4. 4.

    The total number of joint patent applications filed by university, industry, and GRI is 18,097. The actual cases for industry-GRIs are 8151, those for industry-university are 8193, those for university-GRIs are 1675, and those for university-industry-GRI are 78.

  5. 5.

    An “Act on Special Measure for Promotion of Venture Business” was implemented in 1997 to assist venture companies in start-up production, financing, workforce, technology, facilities, plant sites, and so on.

  6. 6.

    Based on the revision of Korean patent law in 2000, university and GRIs were entitled to a 50 % reduction of patent application fees and a 70 % reduction for individual inventors and SMEs until around the mid-2000s. Additionally, the average period of patent examination was reduced from 37 months in 1995 to 15 months in 2005.

  7. 7.

    The density is described as the proportion of collaboration ties in the network relative to the total number of all possible collaboration ties. If the number of nodes in a network is denoted as K and the number of total edge is denoted as L, then the density of the overall network (D) would be defined as follows: \(D = \frac{L}{{{{K(K - 1)} \mathord{\left/ {\vphantom {{K(K - 1)} 2}} \right. \kern-0pt} 2}}}\) The number between zero and one indicates the degree of how interconnected the actors are in the network. In this study, the density of most networks was found to be very low in that its value was almost close to zero across all periods. Network density usually shows the extents to which networks contain many ties between actors that is presumably cohesive with a tight structure. However, density may not be useful to measure the structural cohesion of the network, because it depends on the size of the overall network: thus, the larger the network, the lower the density. In this respect, mean degree centrality of all actors can be a better measure of overall cohesion than density, since it may not be influenced by network size and comparable between networks of different sizes (Nooy et al. 2005: 64).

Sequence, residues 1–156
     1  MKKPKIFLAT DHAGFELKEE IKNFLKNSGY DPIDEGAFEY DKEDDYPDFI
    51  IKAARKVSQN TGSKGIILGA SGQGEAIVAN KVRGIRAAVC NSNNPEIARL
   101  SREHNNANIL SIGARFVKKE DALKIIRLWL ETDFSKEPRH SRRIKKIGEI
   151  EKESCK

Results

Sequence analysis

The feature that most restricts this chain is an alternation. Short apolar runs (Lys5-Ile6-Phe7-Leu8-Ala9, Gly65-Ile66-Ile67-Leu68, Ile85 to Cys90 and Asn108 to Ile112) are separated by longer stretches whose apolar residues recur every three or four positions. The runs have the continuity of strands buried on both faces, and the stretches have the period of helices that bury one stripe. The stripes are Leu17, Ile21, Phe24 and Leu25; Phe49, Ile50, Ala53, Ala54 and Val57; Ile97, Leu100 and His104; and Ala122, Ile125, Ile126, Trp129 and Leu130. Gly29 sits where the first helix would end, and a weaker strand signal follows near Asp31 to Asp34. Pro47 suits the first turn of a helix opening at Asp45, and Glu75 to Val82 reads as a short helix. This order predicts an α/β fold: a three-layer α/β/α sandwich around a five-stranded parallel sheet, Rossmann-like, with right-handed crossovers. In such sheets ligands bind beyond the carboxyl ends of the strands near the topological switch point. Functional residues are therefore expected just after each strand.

8. 8.

    Centralization measures the extent to which an entire network is centered on one or a few certain actors. If the centrality score of the most central actor is denoted as C* and that of each actor is denoted as Ci, centralization measure (C) can be calculated from \(C = \frac{{100\, \times \,\sum (C^{*} - Ci)}}{{{\text{MAX}}\sum (C^{*} - Ci)}}\).

  9. 9.

    The ETRI has the highest scores of all three centrality measures: degree centrality, closeness centrality, and betweenness centrality. Closeness centrality measures how closely an actor is related to others and easily obtains and spreads information. Closeness centrality of a vertex is calculated as the number of other vertices divided by the sum of all distances between the vertex and all others (Nooy et al. 2005). Betweenness centrality shows the extent to which an actor lies on the shortest paths between other pairs of actors in the network and estimates its influences and powers to others. Betweenness centrality measure can be calculated as the proportion of all shortest paths between pairs of other vertices that include the vertex.

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Acknowledgments

This research is funded by the Science and Technology Policy Institute. The author is very grateful for the valuable comments and suggestions of the anonymous reviews.

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Correspondence to Jungwon Yoon.

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Yoon, J. The evolution of South Korea’s innovation system: moving towards the triple helix model?. Scientometrics 104, 265–293 (2015). https://doi.org/10.1007/s11192-015-1541-6

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Keywords

  • Co-patent
  • Innovation systems
  • Triple helix
  • University-industry-government relations
  • Collaboration network
  • South Korea